Posted: February 16th, 2013 | Author: M.Aaron Silverman | Filed under: Medicated | Tags: Australian Health Warniing, Coronaviris NCoV, SARS, Severe Acute Respiratory Syndrome | Comments Off on Australian Health Authorities on the Lookout for SARS Like Virus
Australian authorities are watching a virus, which has killed almost half of the people who have contracted it, as it spreads across the Middle East and Europe. The World Health Organisation first identified novel coronaviris (NCoV) in September, but experts say there is no signs of it in Australia.
The virus is part of the same disease family as Severe Acute Respiratory Syndrome – SARS – A total of 11 people have contracted NCoV in Britain, Germany, Saudi Arabia and Jordon. Five sufferers have died.
Between November 2002 and July 2003, an outbreak of SARS in Hong Kong came close to being classified a pandemic, with 8,273 cases and 775 deaths worldwide – 9.5 per cent fatality – according to the World Health Organization. Within weeks, SARS spread from Hong Kong to infect individuals in 37 countries.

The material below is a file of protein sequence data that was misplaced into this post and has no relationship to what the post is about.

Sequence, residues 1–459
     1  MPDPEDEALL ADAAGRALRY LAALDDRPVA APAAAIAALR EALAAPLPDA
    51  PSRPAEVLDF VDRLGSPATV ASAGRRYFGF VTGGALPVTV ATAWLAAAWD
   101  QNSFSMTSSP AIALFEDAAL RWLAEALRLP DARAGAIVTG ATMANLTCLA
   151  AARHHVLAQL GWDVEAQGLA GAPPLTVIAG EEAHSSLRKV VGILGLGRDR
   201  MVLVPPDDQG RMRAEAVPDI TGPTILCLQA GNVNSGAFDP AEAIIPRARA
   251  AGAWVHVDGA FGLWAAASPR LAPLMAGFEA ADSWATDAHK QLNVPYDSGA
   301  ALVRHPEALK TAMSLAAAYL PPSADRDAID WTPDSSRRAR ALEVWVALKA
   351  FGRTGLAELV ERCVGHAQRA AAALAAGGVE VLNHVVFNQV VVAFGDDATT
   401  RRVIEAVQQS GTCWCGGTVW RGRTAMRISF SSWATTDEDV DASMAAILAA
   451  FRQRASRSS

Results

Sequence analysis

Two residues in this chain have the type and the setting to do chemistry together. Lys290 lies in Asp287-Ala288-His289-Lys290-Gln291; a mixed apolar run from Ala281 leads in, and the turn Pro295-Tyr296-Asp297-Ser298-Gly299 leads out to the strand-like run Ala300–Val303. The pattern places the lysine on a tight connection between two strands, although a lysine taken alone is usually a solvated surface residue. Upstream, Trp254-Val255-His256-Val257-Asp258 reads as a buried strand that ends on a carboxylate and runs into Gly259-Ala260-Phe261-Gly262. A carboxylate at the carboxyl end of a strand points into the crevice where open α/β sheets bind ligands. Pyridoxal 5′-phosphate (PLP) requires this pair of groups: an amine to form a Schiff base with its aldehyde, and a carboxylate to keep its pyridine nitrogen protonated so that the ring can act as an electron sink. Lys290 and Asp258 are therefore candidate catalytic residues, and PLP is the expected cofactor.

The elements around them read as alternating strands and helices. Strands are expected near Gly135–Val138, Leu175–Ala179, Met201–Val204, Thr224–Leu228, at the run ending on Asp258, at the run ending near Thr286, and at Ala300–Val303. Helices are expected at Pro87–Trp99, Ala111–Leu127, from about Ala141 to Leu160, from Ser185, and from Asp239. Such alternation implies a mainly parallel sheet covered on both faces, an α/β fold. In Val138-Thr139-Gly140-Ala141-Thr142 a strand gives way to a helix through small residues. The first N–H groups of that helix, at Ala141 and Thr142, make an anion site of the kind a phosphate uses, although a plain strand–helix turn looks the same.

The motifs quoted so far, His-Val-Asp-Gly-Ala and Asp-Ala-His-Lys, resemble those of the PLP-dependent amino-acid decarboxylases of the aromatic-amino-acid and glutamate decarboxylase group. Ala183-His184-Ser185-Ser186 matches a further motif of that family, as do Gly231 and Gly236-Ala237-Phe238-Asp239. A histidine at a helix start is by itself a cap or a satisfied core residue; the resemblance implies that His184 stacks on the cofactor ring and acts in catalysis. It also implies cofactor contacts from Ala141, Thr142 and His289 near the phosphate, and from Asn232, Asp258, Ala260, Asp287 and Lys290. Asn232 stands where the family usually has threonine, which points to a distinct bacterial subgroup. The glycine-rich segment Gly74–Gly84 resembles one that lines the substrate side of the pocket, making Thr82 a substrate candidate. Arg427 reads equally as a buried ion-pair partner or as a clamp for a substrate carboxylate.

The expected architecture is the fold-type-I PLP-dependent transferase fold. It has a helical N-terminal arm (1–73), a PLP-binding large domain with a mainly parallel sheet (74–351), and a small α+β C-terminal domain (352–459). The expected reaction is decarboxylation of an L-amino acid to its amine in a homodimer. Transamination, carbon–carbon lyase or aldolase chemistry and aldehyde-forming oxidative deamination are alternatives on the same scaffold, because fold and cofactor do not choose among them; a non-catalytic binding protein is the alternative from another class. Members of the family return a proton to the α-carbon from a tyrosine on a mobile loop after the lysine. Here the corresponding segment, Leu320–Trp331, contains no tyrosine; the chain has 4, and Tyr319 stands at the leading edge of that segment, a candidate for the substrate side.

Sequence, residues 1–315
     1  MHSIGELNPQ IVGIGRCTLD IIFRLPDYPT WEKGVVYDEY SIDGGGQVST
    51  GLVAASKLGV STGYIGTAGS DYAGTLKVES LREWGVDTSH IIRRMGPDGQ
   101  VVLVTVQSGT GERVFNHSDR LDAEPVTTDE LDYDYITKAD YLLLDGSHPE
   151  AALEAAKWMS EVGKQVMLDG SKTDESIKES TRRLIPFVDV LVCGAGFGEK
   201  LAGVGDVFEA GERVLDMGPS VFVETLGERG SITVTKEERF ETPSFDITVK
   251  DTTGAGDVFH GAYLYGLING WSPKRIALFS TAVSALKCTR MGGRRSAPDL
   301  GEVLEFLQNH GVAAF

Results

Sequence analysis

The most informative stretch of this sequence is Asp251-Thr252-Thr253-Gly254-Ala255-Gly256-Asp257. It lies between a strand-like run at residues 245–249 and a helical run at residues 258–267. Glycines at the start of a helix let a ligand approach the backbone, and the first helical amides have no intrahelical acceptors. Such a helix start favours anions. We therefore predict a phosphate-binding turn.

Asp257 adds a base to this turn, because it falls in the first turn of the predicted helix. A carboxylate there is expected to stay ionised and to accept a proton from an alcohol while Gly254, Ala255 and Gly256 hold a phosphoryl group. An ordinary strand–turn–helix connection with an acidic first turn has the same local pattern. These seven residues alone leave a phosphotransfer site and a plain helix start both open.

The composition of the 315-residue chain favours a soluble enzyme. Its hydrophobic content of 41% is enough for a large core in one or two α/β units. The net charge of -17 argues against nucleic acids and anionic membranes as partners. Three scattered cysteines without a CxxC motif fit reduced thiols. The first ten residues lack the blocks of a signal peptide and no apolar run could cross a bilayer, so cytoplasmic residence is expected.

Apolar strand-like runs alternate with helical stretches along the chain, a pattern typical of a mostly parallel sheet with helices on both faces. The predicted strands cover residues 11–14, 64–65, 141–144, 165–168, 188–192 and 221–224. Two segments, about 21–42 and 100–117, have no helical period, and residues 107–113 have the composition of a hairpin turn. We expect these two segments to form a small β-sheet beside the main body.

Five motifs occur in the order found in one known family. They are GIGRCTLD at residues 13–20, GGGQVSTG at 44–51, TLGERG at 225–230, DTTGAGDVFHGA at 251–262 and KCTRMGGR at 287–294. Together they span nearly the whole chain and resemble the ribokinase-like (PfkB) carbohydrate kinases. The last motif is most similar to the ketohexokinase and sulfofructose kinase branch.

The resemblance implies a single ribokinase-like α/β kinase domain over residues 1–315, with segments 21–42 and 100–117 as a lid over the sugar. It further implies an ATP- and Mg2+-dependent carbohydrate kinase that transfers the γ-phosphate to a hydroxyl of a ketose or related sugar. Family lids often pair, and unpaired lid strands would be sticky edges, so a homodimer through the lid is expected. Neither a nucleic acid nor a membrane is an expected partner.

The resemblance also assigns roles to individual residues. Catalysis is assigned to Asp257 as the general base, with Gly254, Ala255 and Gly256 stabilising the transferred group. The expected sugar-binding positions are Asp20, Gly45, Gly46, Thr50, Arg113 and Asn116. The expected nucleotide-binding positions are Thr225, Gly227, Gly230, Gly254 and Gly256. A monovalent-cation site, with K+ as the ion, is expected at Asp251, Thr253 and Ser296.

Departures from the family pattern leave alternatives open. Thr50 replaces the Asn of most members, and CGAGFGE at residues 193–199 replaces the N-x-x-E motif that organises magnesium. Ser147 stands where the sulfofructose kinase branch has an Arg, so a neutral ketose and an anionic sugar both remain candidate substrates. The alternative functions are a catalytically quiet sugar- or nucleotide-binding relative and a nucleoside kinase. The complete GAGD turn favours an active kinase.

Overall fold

University of Queensland virology professor Paul Young says local health authorities are on alert because there is evidence of person-to-person transmission :: Read the full article »»»»
Posted: February 21st, 2012 | Author: Michael Courtenay | Filed under: Cankler Science News | Tags: Australia, Avian-Influenza, Bird Flu, Disease and Disorders, H5N1, health, Hong Kong, Indonesia, Japan, Poultry and Egg Production, SARS, Singapore, Vietnam, WHO, World Health Organization | Comments Off on WHO Allows Publication of Controversial Bird Flu Research
After months of controversy, the World Health Organisation – WHO – has decided to allow the publication of controversial research into bird flu. Scientists in the Netherlands and the United States have made versions of the virus which could potentially spread more easily between humans. There were calls for the research to be kept secret, and WHO indicated earlier this month that this was their preference, but the WHO has decided it is in the public interest to release it.
The disease remains a huge problem in countries from Indonesia to Egypt. When the H5N1 strain of bird flu has been contracted by humans, more than 60 per cent have died, making it one of the most lethal strains of flu ever detected. An expert panel convened by the WHO has decided the research should be published in full. The panel says the research should not be published until it has increased public awareness and understanding and reviewed issues of bio-safety and biosecurity. Read the full article »»»»